What are we REALLY doing about bullying?
Bullying in schools is becoming a hot topic — again. Dr. Phil is highlighting it again on his show. Larry King Live will do something tonight related to bullying of gays and lesbians. This week, Anderson Cooper is dedicating his entire “AC 360” program to the topic. We’ve heard of another student who killed himself — this time after a homosexual encounter was caught on tape and posted on YouTube. It’s seeming like we’ve been here before, that the media attention is a positive. But, at the end of the day, will anything really be any different?
As many of you know, I’ve been traveling pretty much non-stop the last few weeks, promoting the idea of positive social skills and character as a solution to many of the problems in schools. Bullying is one topic I’ve been raising with the children to whom I’ve spoken, relating the concepts of empathy, compassion and respect as the key to eliminating bullying. During these presentations, I’ve made several interesting discoveries:
- In my presentations to students, I ask them to raise their hands if they know of someone who has been bullied (I specifically do NOT ask them to raise their hands if THEY have been bullied — too personal and we don’t want to call attention to those already victimized). In every case, virtually EVERY hand goes up in group — some as young as Kindergarten and 1st Grade.
- Now, as a follow on to that question, I ask them to raise their hands if they’ve never heard that bullying is bad. “Who doesn’t know that bullying is bad and that we shouldn’t do it?” Not a single hand goes up. EVERYONE knows that bullying is bad.
- So, I continue by asking: “If we all KNOW that bullying is bad, why do you suppose it still happens?”
The key to why may be in this next story.
A few weeks ago, I was giving some public talks in local libraries. These were “informational” discussions in which I shared “Overcoming Failure to Educate” which shows, among other things, how every problem we currently have in Education can be directly or indirectly linked back to poor social skills/character development. At one of these presentations, a mother brought her 13-year old daughter. One of the topics I discussed in the presentation was, naturally, bullying. Apparently this resonated with the mom and her daughter because after my presentation, they discussed the topic further in the car on their way home.
I know this because the mom emailed me the next day. The discussion as related to me, went something like this:
I said to her…what does your school do to promote anti-bullying? Her answer…well there are posters up in the hallways. Nobody is assigned to “talk about the real issues.” So, posters are plastered across the hallways, yet nobody talks about the real happenings and consequences and effects on the victim of bullying.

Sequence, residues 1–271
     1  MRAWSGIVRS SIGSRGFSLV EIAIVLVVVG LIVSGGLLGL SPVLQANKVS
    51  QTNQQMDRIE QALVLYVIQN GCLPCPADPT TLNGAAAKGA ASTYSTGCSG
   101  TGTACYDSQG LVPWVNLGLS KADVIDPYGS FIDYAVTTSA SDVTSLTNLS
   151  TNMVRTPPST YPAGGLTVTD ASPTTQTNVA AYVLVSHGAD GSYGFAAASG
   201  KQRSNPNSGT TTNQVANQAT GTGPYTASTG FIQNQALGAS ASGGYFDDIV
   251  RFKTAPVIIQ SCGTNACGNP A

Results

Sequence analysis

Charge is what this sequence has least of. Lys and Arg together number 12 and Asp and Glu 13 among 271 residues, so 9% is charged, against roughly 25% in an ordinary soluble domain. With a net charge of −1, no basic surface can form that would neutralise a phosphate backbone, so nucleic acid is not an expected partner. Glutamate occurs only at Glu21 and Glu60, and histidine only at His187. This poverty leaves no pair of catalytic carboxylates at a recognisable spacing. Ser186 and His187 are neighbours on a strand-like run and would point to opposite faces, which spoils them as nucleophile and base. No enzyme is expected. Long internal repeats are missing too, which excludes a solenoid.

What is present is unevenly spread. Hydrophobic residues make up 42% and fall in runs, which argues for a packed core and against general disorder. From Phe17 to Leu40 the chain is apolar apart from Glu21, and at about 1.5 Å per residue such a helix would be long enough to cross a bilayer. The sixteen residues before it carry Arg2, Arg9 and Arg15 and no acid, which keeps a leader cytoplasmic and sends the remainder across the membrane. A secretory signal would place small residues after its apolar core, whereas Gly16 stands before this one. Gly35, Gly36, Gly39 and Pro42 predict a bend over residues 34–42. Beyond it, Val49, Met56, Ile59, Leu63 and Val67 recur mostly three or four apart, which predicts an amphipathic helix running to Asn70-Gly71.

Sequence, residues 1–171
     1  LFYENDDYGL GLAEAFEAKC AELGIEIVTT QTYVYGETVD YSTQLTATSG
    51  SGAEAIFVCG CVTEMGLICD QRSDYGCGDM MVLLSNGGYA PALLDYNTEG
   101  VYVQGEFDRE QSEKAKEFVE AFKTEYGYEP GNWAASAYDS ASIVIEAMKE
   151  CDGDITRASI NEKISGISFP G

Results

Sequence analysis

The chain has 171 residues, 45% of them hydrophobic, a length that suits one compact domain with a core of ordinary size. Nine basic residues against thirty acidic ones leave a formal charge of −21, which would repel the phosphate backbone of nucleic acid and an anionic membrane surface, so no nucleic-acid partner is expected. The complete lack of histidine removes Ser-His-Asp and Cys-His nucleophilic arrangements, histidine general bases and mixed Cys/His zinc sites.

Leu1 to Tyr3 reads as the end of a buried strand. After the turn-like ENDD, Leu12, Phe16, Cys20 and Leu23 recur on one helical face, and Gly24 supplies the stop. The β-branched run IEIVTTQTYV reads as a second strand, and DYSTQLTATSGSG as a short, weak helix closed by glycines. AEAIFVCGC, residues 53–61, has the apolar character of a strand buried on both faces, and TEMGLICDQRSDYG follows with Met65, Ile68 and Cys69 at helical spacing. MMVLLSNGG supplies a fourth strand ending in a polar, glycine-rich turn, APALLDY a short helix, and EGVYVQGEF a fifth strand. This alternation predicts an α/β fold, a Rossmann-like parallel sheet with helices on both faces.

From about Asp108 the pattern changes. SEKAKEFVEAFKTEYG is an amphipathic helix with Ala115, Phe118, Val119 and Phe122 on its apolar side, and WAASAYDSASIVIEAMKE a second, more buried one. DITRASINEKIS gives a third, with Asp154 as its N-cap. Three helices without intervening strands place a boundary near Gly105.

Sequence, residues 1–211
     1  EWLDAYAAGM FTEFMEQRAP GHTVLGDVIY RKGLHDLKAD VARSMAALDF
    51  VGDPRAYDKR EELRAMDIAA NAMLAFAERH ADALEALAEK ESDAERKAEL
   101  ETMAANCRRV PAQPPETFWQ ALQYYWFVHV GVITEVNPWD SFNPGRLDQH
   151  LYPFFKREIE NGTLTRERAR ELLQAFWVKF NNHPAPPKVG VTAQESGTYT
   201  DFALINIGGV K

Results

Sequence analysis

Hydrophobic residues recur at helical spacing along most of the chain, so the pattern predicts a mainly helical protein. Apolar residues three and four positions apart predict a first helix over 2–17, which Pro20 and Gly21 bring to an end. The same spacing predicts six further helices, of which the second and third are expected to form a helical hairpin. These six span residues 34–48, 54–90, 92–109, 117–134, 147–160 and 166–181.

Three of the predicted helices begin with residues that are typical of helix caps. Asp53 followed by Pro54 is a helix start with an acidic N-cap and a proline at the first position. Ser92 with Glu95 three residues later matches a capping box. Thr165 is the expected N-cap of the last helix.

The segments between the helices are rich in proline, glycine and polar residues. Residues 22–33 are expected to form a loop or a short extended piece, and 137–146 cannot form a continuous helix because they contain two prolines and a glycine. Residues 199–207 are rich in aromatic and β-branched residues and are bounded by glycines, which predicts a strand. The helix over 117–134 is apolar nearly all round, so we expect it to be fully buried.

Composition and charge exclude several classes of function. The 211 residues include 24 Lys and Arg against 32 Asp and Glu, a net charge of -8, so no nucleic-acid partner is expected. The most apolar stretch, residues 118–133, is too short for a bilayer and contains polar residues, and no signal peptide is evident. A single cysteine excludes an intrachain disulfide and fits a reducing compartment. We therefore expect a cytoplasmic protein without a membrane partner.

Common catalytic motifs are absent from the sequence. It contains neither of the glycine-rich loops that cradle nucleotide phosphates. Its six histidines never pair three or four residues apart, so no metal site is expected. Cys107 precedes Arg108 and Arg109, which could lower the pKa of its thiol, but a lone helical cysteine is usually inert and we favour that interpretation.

[My daughter] was a victim of bullying in grade school. Same thing – posters were hung in the gym, etc. When I approached administration regarding a bullying incident, little to nothing was done to correct the situation.
I don’t think this is all that unusual. Schools are mandated to have some sort of anti-bullying program, approach or policy in place to deal with the problem. But there’s nothing that holds the schools accountable for how well — if at all — these programs work. As long as they have their posters up, and a “zero tolerance” policy, well, they can check the box that says “yup, we have a policy/program in place.”
And, largely this seems to be the case. After my presentation last week in Illinois, I was asked about the effectiveness of “Zero Tolerance” policies. I know people who cringe when they hear that phrase because it’s largely meaningless. It’s great that we have these policies because they are necessary, but we also have a Zero Tolerance policy against murder in this country but it’s not enough to stop people from killing each other.
The point is, this is not “publish it and they will stop.” These kids KNOW bullying and harassment is wrong. They’ve heard it. Heck, even Dr. Phil is sending his son Jay McGraw into schools to tell them, once again, that bullying is bad — as if Jay will be able to tell them something they don’t already know.
We don’t need more “telling,” and “better policies” aren’t the answer, either. We need to show — teach the kids WHY it’s wrong and show them better alternatives that prevent this kind of behavior from happening. Teach all the kids, reinforce it all the time so that the underlying culture changes. Build a positive culture, and bullying will die down as a result. Then, when an incident does occur, it will be isolated and you can deal with it effectively by enforcing policies and imposing consequences. You can’t do that if 20/30% or more of the student body is engaging in anti-social behavior. There won’t be enough jailers to lock up all the inmates!
If we spent one-tenth the amount of time, energy and resources on prevention as we do on mitigation and management, we might find ourselves making headway. As it is, slapping a poster up on a wall and hoping the students take it to heart isn’t going to make a whit of difference. Shame on the schools who think this is actually some form of effort toward ending bullying. When no one talks about the real issues and impacts, how do you expect to get to the students’ hearts and heads? Yet, THAT’s the only place where we stand a chance of making a positive change.
Calling on empathy, compassion, consideration and respect — showing the kids “what’s in it for THEM” is vital. Because when you can do that, and show them a better way that gets them more of what they want, more easily, and less of what they don’t want…that’s the key to any change. Not a bunch of words on a piece of paper or poster.